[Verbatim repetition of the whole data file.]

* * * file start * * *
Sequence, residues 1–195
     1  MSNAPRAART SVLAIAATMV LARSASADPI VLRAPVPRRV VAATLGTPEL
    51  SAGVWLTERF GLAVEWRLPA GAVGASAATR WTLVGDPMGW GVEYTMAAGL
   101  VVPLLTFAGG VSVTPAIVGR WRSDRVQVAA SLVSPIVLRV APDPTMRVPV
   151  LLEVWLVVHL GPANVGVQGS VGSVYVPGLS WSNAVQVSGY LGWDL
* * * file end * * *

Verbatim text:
Sequence, residues 1–195
     1  MSNAPRAART SVLAIAATMV LARSASADPI VLRAPVPRRV VAATLGTPEL
    51  SAGVWLTERF GLAVEWRLPA GAVGASAATR WTLVGDPMGW GVEYTMAAGL
   101  VVPLLTFAGG VSVTPAIVGR WRSDRVQVAA SLVSPIVLRV APDPTMRVPV
   151  LLEVWLVVHL GPANVGVQGS VGSVYVPGLS WSNAVQVSGY LGWDL